As stated on our website:   “In all its mission partnerships and activities, WHC engages in what the spiritual writer Henri Nouwen calls “reverse mission”—the idea that those who serve the poor find themselves to be the poor that are served by others. North Americans who desire to travel to areas of need to make a difference in the world frequently find themselves transformed by the process. WHC Mission Trips tend to raise hope among those with whom we serve, and transform those who go together on mission.”   See www.worldhopecorps.org
 
Six of us—Rebecca Laird, Megan Christensen, Mary Johnson, Sandra Bragg, Ilse Zwinkels, and me—traveled together to Malawi for 10 days.  As in previous trips to Malawi, we were shown incredible Love by our hosts in the ‘warm heart of Africa’ and witnessed courageous Faith in those who have suffered much.  
The gift we were able to share was Hope—reminding those we met that they were not alone in their struggle with AIDS, extreme poverty, and injustice.   Faith, Hope and Love.  The greatest of these is Love.” (I Cor. 13).  Yet Hope was the gift offered and received, as evident in the following mission accomplishments: 

We served daily meals and distributed hygiene supplies to orphaned, abandoned and vulnerable children and led recreational and educational activities at two community orphan care centers, including Friends of Mzuzu Community Organization (FOMCO) and the HopeHome program sponsored by Mzuzu United Methodist Church—supported by WorldHope Corps. 



We met some of the youth recipients of Hope Scholarships whose sponsors pay school fees for their secondary school education and vocational training, enabling these bright young men and women to stay in school.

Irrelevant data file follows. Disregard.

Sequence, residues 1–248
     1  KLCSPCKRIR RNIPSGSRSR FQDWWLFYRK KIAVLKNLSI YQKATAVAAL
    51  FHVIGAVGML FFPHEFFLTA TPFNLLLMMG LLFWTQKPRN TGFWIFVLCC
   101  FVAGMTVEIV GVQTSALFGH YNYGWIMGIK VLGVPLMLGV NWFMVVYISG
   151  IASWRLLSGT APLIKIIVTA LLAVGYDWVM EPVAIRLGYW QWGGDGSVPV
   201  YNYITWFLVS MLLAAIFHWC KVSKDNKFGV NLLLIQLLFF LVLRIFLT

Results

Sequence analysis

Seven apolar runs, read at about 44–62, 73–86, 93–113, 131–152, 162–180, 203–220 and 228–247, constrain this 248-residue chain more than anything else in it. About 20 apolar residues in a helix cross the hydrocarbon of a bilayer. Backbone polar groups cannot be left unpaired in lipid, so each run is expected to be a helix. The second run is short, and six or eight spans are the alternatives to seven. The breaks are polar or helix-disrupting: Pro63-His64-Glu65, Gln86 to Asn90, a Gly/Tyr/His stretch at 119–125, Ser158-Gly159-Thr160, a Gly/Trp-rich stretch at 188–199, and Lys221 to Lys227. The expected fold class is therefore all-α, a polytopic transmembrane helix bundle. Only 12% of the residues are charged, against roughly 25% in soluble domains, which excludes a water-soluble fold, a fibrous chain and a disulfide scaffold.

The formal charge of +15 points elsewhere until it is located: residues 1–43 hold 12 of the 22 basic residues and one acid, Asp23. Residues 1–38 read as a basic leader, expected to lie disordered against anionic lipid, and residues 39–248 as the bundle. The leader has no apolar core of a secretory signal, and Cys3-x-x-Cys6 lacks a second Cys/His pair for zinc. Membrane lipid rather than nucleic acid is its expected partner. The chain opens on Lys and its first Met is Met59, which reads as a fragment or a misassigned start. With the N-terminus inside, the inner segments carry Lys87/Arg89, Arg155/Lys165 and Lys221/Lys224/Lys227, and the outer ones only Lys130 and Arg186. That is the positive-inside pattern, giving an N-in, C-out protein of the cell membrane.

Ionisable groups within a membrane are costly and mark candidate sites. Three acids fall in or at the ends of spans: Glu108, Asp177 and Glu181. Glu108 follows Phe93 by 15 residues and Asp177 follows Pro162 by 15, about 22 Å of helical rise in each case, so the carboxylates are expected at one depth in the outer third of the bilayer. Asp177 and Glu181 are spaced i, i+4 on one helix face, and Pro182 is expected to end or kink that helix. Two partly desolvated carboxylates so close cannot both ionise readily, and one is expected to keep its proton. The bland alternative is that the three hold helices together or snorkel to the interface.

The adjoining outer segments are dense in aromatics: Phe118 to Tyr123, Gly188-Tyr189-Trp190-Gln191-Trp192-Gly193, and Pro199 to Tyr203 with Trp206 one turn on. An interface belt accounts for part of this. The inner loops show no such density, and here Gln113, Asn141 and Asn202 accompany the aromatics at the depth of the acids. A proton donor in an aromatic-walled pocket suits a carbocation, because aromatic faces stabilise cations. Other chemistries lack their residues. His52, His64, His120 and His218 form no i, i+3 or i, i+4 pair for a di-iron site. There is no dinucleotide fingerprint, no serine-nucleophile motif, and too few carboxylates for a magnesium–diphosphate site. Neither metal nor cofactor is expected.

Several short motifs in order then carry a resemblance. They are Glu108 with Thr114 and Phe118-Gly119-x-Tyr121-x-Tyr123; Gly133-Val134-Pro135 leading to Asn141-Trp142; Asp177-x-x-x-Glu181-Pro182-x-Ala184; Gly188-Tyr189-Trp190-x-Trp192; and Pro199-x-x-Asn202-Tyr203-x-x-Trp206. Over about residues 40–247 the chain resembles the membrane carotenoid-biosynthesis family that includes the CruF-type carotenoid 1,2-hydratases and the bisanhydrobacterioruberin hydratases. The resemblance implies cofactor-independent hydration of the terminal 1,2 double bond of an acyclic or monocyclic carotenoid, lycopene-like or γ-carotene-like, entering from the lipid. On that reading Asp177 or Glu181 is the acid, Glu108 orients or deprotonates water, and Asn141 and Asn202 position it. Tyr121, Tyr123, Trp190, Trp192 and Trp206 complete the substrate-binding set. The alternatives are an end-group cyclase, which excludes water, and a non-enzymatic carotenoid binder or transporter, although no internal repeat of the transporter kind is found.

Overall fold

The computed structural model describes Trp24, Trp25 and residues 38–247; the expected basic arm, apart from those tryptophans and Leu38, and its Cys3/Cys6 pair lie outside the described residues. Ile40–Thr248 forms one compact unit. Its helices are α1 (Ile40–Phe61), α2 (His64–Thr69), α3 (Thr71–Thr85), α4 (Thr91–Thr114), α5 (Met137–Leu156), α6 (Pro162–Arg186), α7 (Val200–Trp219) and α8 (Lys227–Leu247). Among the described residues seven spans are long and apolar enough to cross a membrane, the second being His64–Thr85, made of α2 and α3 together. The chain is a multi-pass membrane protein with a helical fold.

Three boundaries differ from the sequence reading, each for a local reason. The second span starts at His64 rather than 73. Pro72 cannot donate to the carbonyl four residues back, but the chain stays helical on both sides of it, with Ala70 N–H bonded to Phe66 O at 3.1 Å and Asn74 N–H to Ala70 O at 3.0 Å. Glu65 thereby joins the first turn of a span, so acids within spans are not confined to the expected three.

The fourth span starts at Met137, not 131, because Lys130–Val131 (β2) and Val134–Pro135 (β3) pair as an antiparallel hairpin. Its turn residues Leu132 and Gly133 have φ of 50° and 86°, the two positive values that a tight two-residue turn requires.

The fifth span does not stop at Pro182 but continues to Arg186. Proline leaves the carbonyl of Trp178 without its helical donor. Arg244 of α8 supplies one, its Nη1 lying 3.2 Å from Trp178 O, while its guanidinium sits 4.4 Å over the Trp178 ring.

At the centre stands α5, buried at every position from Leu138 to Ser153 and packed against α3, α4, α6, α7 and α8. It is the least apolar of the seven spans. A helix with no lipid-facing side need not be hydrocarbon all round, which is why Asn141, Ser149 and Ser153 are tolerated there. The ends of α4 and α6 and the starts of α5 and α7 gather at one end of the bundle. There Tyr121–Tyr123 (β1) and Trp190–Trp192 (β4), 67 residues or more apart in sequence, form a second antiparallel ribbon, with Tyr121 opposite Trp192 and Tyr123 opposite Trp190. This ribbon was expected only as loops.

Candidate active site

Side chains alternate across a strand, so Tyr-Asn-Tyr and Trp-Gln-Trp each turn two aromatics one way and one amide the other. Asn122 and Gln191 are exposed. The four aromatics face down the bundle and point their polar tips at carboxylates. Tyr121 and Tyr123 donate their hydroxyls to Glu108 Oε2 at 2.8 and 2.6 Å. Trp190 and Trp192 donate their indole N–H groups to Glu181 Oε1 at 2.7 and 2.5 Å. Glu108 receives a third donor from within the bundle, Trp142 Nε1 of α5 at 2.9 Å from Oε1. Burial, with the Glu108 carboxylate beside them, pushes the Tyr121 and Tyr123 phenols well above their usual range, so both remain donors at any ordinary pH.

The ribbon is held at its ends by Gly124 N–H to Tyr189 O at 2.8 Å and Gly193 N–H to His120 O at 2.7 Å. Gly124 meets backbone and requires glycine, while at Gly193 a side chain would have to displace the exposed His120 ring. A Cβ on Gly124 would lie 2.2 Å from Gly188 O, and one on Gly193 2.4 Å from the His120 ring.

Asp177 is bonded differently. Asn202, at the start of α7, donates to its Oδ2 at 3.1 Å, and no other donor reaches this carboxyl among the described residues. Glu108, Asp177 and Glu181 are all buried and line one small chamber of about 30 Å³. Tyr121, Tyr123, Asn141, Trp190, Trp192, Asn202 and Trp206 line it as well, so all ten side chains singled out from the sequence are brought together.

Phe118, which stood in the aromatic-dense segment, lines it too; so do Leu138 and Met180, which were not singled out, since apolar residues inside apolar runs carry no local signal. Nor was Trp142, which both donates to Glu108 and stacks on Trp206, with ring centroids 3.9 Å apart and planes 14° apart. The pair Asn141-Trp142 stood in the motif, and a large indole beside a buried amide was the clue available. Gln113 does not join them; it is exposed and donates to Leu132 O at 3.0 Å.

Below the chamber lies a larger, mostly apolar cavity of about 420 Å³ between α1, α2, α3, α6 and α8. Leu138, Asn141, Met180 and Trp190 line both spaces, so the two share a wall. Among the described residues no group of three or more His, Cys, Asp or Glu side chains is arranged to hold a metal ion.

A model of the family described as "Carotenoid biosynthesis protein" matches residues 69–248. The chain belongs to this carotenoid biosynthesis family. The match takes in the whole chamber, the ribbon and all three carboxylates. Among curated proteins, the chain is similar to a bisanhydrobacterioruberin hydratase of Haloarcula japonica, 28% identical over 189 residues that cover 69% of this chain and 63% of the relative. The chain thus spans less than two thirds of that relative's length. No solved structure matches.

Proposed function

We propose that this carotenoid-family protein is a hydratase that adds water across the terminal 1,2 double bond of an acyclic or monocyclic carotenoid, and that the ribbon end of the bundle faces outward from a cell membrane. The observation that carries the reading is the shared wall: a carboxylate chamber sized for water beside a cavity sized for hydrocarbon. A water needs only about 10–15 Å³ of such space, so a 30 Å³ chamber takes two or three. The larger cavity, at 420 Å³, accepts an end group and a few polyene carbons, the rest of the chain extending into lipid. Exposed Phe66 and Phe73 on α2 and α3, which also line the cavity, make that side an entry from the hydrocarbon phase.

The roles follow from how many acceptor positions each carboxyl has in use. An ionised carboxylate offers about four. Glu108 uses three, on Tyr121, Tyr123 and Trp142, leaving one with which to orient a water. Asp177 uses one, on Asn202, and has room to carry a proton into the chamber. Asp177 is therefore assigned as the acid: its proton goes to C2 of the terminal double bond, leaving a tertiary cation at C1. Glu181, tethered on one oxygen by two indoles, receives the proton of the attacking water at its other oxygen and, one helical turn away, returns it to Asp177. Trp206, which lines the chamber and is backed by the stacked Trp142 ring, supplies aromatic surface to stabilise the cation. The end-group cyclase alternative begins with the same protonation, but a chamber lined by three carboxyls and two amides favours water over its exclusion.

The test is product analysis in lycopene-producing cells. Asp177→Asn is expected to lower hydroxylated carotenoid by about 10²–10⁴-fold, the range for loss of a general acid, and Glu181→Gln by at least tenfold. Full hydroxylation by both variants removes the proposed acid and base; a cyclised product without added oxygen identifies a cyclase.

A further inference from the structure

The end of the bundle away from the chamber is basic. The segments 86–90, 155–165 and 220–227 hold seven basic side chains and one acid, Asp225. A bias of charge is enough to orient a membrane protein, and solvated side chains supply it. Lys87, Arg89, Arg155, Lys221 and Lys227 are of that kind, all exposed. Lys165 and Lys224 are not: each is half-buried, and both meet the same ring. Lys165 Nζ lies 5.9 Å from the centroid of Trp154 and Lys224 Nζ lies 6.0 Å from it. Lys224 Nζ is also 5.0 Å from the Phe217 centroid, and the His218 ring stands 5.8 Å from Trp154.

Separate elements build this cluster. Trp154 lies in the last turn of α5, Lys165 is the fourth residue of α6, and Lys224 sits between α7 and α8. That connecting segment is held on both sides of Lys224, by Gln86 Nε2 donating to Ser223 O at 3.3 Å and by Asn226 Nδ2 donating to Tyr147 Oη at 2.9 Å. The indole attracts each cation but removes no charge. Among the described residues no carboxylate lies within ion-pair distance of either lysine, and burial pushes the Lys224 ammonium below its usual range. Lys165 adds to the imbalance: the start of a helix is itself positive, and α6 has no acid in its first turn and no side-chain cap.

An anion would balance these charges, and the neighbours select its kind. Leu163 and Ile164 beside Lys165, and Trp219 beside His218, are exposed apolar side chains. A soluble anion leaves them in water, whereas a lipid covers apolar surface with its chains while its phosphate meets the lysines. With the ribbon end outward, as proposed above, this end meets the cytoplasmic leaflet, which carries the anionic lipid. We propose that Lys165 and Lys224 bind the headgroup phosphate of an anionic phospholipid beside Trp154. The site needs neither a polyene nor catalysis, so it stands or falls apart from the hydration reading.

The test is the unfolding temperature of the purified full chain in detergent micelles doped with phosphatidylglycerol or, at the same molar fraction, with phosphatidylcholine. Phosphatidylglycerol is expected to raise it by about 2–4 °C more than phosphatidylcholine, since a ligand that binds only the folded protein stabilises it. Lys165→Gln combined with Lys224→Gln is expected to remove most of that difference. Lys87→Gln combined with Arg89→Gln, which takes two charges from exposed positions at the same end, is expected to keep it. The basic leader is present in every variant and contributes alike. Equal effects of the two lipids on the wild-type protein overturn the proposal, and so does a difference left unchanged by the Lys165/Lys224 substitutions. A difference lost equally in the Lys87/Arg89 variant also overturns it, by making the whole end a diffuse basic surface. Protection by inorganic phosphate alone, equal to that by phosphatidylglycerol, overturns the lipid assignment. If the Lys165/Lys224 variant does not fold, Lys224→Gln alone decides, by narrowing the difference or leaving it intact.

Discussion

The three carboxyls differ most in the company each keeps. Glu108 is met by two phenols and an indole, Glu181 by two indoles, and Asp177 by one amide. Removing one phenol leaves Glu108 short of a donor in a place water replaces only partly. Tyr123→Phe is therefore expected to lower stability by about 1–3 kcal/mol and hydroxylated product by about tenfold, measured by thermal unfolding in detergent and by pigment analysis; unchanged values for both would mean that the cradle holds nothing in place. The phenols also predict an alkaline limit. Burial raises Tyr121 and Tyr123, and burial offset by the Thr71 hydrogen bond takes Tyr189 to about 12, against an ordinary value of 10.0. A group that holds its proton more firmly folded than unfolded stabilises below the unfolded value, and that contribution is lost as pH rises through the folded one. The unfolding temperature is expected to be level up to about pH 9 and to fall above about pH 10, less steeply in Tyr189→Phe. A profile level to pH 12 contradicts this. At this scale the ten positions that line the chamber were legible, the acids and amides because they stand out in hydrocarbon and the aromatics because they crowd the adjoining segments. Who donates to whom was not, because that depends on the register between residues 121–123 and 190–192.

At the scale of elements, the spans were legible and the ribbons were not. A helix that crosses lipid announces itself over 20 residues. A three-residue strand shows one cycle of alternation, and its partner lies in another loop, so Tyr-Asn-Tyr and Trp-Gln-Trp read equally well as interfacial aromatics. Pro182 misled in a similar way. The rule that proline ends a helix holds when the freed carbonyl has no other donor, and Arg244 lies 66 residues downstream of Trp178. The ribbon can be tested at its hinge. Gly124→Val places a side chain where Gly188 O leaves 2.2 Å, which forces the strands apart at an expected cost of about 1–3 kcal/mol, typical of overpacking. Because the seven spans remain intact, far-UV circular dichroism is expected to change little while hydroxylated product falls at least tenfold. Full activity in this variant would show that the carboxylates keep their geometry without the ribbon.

We visited CitiHope Malawi food and medical projects and nurtured international friendships with local staff members and beneficiaries.  And supplied a volunteer for a month or two.

We witnessed the drilling and installation of "Rebecca's Well" in Njuyu village 
(see  http://rebeccasvillagewell.blogspot.com/ and visited three other villages where new deep water wells have been installed through WorldHope Corps sponsorship (for a total of 12 village wells as part of our community development program).    

We met the nine recent graduates of our Hope Tailoring School and celebrated with them their new vocation as skilled tailors and seamstresses that will enable them to support themselves and the orphan care ministry to which they are committed. 

We attended and facilitated a Shalom Committee meeting and training session focused on developing new micro-financed ventures, including a ‘piglet project.’  And supplied a mission volunteer—Shalom intern Katrina Walk—to work with the Committee for 10 weeks on their chosen community organizing and development projects.

We worshipped with our brothers and sisters on Sunday at a local Presbyterian Church and at the United Methodist Church of Mzuzu; and met with the Methodist church leadership team to help them plan a new transitional housing project and build a Hope Home to sustain the Orphan Care and Youth Scholarship programs.




Sunday, July 25, 2010

Kamuli Village Well is in

Today I am in Sioux Falls, South Dakota (enroute to Rosebud Reservation), to give a report to Wesley United Methodist Church about the deep water well they sponsored in the Kamphenda area of Northern Malawi. This year's confirmants--youth joining the church--took on a village well project they called "Well Well Well"  and raised $5,000 in six months to sponsor a WorldHope Corps well.   We were able to match that amount from the Well Fund to pay for a new well in Kamuli village in July...and I am delighted to share photos and a report of how over 1000 villagers now have clean, potable water that will save lives.